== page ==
2.3.1    The introduction is especially important and may differ depending on cultural norms, and the way the opening unfolds between the interviewer and respondent may have significant implications for both survey non-response and data quality (Couper & Groves, 2002).  The context of the interview can dictate identification procedures and pace of interview.

2.3.2    Establishing and maintaining rapport is especially important in achieving a telephone survey. Particular care should be taken in the translation stage to ensure an interviewer script that does not violate cultural norms involving politeness and linguistic encoding of status and social distance (Kleiner & Pan, 2006).

2.3.3    The introduction can be particularly critical in achieving cooperation in some countries. Previous respondent exposure to the telephone as a survey mode can differ across countries, and there can be discomfort in sharing personal information over the phone (Hughes, 2004).

2.3.4    In countries where there are linguistic differences depending on actors’ social status, translations must also recognize that interviewers and respondents are strangers and cannot rely on visual cues to establish social distance and appropriate linguistic level, necessitating the opportunity for some social interaction at the beginning of the survey to establish such social distance.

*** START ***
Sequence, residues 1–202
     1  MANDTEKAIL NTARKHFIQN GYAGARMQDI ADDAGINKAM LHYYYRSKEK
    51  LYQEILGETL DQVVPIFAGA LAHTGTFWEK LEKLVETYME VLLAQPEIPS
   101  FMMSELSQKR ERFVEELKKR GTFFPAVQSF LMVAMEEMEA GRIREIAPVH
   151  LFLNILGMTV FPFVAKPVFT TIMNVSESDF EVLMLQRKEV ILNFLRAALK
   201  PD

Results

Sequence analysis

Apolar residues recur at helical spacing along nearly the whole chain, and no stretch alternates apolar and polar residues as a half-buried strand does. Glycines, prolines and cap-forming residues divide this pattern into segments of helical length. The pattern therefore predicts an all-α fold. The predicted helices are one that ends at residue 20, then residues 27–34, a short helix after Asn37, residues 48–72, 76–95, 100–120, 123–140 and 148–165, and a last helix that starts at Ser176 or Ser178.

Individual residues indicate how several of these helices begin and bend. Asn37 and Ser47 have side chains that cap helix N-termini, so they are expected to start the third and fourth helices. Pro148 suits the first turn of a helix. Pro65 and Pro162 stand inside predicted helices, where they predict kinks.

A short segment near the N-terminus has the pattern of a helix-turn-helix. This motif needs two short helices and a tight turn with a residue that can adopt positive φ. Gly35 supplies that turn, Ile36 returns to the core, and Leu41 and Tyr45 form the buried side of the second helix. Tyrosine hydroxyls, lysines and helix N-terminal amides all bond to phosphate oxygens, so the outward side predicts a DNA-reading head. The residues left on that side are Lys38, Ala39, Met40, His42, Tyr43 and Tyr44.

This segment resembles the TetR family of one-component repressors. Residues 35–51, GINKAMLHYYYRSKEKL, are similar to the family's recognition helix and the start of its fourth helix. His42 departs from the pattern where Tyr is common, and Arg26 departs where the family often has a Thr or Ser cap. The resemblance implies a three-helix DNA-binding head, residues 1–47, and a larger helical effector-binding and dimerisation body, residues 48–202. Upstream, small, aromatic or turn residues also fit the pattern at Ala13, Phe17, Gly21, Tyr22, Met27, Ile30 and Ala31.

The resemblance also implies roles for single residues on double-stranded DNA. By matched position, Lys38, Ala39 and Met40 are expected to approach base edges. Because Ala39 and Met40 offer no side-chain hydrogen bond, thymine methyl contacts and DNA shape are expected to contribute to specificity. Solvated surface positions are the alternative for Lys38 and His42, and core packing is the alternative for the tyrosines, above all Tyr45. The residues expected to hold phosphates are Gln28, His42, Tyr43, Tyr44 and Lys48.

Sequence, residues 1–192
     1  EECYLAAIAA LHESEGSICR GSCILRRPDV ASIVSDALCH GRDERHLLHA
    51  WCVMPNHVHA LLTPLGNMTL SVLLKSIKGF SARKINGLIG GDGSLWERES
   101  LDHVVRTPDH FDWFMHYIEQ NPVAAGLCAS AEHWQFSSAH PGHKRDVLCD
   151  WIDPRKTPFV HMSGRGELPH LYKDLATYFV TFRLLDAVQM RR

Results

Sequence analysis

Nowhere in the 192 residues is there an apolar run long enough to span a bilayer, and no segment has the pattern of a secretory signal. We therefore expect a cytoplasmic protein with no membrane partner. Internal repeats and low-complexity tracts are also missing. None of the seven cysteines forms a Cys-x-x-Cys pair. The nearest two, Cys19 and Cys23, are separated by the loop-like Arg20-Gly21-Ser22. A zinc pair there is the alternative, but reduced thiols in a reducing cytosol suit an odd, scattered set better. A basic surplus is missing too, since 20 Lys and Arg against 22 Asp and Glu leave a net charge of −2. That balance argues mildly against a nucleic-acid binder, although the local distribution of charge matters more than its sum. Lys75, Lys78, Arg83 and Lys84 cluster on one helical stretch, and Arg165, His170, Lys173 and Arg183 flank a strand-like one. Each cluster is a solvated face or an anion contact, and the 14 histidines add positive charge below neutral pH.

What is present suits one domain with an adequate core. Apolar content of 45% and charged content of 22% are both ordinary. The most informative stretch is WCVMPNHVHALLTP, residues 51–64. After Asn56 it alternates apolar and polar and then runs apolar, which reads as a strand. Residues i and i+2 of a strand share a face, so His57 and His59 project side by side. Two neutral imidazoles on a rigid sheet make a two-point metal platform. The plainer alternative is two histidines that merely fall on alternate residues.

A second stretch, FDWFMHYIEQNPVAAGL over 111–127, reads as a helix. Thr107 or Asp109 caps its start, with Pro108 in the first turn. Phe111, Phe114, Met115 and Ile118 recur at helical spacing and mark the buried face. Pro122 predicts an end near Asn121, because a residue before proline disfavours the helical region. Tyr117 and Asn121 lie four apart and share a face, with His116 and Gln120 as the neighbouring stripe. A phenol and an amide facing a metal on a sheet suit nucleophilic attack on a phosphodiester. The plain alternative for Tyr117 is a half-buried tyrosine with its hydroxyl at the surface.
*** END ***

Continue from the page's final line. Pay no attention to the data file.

Lessons Learned

2.1    Gender norms of the study country can have a significant impact on response rates in CATI surveys.

2.1.1    In France, researchers have found that female interviewers generally have higher refusal rates in telephone surveys (Verger, Baruffol, & Rotily, 2001).

2.1.2    In Nepal, a highly gendered society, women generally prefer to speak to other women, and men to men, even over the telephone. However, in a CATI survey using Nepali-based interviewers contacting (mostly male) Nepali migrant workers in Persian Gulf countries, researchers obtained high response rates using predominantly female interviewers, because of the cultural perception that women would not call a male unless it was an important matter (Ghimire et al., 2013).

2.1.3    There is also anecdotal evidence that male respondents in the highly gendered countries in the Middle East are more likely to participate in a telephone survey when contacted by a female interviewer.

2.2    Immediate identification by name is standard telephone practice in the United States, but is uncommon in China (Kleiner & Pan, 2006).

2.3    Acceptable pace of the interview introduction can vary across even otherwise similar cultural contexts. For example, an examination of reaction to phone calls in Hong Kong and Beijing found that Beijing residents were more resistant to a fast-paced, business-like telephone conversation when compared to those from Hong Kong (Pan, Scollon, & Scollon, 2002). Similarly, a comparison of Greeks and Germans showed that Greeks prefer social interaction before reaching the main point of a telephone conversation, while Germans prefer to discuss the main point immediately (Pavlidou, 1994).